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Sunday, 10 November 2013 22:00

West Michigan attracts more outside real estate investors

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Grand Rapids seems to wind up on a new “best of” list almost every other week.

As a growing region, the city markets those titles — and rightfully so — as validation that it’s not the dying city Newsweek once proclaimed it to be.

But it’s long been the case that the West Michigan region as place to invest in real estate remains a sort of best-kept secret outside the state.

However, it seems that cat has been let out of the bag, said Colin Kraay, principal with Colliers International in Grand Rapids and a member of the office’s investment group.

“We’ve been pretty active over the last couple of quarters. Interest rates remain low, which is helping drive people to investment deals,” he said. “I would say Grand Rapids as a whole — probably more than any other time over the last decade — is increasingly being looked at as a stable, quality place for outside investors to look at possible secondary market investment.”

There were high volumes of out-of-state real estate investors looking at the market in 2006 and 2007, but compared to the level of interest from investors today, Kraay said it exceeds anytime he can remember in recent history.

Of the investors Colliers is working with now, many are looking at Grand Rapids and the West Michigan market for the first time, while others are searching for their second and third deals here, he said.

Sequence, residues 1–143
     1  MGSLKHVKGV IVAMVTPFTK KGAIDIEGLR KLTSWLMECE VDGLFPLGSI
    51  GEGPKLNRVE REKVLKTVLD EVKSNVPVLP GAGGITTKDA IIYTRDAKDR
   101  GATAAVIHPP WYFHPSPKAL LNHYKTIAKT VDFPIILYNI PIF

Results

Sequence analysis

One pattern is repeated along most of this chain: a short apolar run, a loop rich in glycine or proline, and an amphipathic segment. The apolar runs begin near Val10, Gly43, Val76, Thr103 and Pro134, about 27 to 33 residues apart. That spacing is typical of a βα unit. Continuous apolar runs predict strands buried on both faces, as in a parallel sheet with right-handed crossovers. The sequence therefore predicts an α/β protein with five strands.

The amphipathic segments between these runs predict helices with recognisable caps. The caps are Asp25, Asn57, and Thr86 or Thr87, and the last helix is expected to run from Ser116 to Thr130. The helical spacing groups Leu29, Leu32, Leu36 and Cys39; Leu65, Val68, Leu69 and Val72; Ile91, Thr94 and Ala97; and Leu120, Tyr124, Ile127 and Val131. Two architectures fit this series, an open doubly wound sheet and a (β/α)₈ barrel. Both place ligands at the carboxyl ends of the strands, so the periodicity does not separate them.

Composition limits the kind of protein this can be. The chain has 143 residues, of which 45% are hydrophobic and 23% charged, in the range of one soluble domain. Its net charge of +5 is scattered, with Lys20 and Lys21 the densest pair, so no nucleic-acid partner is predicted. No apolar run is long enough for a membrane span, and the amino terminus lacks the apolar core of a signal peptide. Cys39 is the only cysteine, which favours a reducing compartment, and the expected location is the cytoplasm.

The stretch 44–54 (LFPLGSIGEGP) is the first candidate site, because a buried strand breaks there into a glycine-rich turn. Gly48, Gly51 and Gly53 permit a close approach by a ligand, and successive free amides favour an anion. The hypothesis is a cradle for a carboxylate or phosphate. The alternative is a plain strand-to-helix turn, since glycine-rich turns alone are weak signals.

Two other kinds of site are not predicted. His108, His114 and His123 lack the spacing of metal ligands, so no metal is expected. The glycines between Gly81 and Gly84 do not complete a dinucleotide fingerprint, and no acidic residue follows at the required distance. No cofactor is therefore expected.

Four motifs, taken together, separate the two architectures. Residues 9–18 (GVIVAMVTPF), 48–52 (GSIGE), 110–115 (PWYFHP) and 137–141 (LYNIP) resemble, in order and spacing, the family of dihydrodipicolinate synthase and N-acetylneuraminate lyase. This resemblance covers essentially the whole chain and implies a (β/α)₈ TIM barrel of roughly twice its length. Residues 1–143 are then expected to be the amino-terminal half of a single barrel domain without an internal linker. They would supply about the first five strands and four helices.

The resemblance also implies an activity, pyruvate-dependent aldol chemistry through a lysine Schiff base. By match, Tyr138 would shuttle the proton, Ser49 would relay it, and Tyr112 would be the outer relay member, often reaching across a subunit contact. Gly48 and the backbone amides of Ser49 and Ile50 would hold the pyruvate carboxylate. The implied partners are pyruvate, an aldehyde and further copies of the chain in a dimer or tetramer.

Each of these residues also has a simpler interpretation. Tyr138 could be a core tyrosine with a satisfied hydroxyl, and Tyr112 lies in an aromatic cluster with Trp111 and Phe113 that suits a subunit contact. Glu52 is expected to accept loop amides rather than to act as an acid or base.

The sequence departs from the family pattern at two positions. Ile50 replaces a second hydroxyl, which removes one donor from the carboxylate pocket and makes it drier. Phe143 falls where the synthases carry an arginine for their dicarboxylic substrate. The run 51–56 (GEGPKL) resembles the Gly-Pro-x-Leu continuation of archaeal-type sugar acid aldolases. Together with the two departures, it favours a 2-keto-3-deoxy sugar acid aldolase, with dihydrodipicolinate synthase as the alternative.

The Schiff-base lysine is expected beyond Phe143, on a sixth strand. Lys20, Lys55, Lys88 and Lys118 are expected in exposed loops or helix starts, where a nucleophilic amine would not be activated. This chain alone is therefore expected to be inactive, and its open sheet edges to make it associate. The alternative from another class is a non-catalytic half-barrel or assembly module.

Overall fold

“Grand Rapids historically as a secondary market has maybe been a little too small, a little too manufacturing-focused to get larger, out-of-town people to seriously look at the market,” Kraay said. “Certainly, what’s happened downtown — both culturally and with regard to the overall infrastructure we’ve put in place — is driving people’s interest here.”

Kraay pointed to a September CareerBuilder/EMSI report that pegged Grand Rapids as second in the nation in per capita job growth from 2010 to 2013. The report stated that the Grand Rapids metro area is a hotspot for manufacturing and health care jobs.

“We are more than ever the cultural hub of West Michigan,” Kraay said. “Most of these investors are starting to run out of opportunities and required return rates in major markets like Chicago and Indianapolis, and they are starting to look at places like Grand Rapids to fill the void. Grand Rapids is increasingly looked at (in the same terms) as a Columbus, Ohio or Milwaukee market, whereas historically that never was the case.”

As outside investors turn their attention to Grand Rapids and West Michigan, one’s left to wonder: How will that shift further change the region’s real estate market?

Read 2374 times Last modified on Saturday, 09 November 2013 12:19

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